Decorative glulam is largely used in kitchen bench tops. Other common uses are bar tops, stair treads and stringers, kitchen cabinet doors, seats, coffee tables, etc.
Used decoratively, glulam does not require structural strength, but rather aesthetics, durability, and hardness. The quality of the finish is of paramount importance, as the product is visible at all times and the performance of the glulam is also of primary importance. The product must be stable and without defect.
The quality assurance system is intrinsic in achieving a consistent and reliable product and a number of the GLTAA members specialise in this product area.
Structural glulam for use in primary structural members in domestic, commercial, and industrial buildings is produced by most of the GLTAA members.
Depending on location, the timber species used in the manufacturing process differs from producer to producer. In the west, the predominant timber species is Jarrah, in the south east, Tasmanian Oak and Radiata Pine and in the north east, Spotted Gum, Slash Pine and other mixed hardwoods, such as Blackbutt, Iron Bark, Sydney Blue Gum, etc.
In the past, this widely varying resource has created difficulties in trying to standardise glulam as a structural product. The milling procedure differs from mill to mill, and from species to species and the result has been that each producer has manufactured glulam of differing mechanical properties and of differing depths and widths. Designers were unsure of which properties and sizes were compatible, available and economic and the variance caused them problems in designing glulam.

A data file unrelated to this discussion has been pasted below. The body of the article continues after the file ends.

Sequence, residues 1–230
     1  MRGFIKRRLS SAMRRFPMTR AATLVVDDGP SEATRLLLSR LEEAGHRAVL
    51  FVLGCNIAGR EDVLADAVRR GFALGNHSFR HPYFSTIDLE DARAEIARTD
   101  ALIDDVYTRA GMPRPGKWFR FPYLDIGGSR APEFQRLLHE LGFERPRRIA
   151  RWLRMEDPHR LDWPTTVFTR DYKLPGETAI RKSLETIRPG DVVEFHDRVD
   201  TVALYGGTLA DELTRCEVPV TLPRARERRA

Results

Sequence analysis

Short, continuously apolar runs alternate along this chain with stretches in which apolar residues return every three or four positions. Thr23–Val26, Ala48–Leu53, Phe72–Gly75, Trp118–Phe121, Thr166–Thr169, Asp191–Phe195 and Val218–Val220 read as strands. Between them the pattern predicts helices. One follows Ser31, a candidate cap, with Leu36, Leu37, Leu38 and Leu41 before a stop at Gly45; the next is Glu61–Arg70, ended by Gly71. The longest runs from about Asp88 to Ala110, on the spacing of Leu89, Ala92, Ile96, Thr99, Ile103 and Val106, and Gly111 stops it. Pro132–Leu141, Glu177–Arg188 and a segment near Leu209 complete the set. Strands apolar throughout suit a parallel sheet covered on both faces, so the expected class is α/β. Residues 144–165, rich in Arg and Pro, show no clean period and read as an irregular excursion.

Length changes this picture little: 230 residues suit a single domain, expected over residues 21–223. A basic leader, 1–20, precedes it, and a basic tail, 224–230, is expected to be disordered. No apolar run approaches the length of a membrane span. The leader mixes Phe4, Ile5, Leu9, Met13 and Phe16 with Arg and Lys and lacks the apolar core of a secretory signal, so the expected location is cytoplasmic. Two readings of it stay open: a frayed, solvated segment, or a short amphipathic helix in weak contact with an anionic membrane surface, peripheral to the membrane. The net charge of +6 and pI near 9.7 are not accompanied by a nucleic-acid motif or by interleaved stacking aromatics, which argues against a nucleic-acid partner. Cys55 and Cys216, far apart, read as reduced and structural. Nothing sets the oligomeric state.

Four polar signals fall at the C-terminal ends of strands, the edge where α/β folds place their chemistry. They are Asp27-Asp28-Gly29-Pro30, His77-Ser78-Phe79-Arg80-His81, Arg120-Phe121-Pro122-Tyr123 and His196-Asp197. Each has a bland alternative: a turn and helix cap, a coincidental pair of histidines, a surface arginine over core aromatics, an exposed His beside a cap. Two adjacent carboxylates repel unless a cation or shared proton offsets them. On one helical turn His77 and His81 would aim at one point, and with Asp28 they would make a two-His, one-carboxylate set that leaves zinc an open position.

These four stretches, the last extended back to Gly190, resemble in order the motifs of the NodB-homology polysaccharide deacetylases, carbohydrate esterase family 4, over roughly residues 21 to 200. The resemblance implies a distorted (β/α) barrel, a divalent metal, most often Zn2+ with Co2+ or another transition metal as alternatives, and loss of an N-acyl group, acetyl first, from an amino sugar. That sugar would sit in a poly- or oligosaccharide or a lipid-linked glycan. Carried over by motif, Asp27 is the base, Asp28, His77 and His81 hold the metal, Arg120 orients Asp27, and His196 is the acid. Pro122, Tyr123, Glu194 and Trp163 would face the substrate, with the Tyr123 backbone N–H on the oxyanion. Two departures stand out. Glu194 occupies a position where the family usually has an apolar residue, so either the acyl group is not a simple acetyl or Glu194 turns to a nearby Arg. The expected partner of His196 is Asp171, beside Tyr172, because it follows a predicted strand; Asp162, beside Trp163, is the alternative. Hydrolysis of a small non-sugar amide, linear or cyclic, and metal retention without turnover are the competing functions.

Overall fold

As a result, the glulam manufactured by the GLTAA members has now been rationalised in order to establish a set of industry standard properties and corresponding sizes. The table below shows the GLTAA Glulam Mechanical Properties.
The designation of each group relates to the short duration stiffness (in GPa). The standard section sizes relating to each mechanical property group are available on request from members. These section sizes are the finished sizes of the glulam supplied. It is important for designers to note, that the correct designation be nominated on drawings, e.g. 315x85 GL18.
This makes the suppliers, builders, checkers and inspectors aware that the beam is to be an accredited section of known size and grade. It allows all producers capable of producing the grade of glulam to price the project without the designer having to make the decision to specify a one supplier product. The designation noted may be followed with a timber species if the designer requires a specific appearance. It should also be followed with a `C' for cambered (600M Industry Standard Radius) or an `S' for straight beams.
Producers nominated in their accreditation procedures which glulam properties they produce. The make up of the glulam may be in any configuration, so long as the grade and size of the glulam match that designated.
CHARACTERISTIC STRENGTHS AND ELASTIC MODULI FOR HORIZONTALLY LAMINATED GLULAM GRADES
NOTE: Glulam grade designations are based on the modulus of elasticity. Each of the grades may be relevant to specific products. Further information should be sought from appropriate industry associations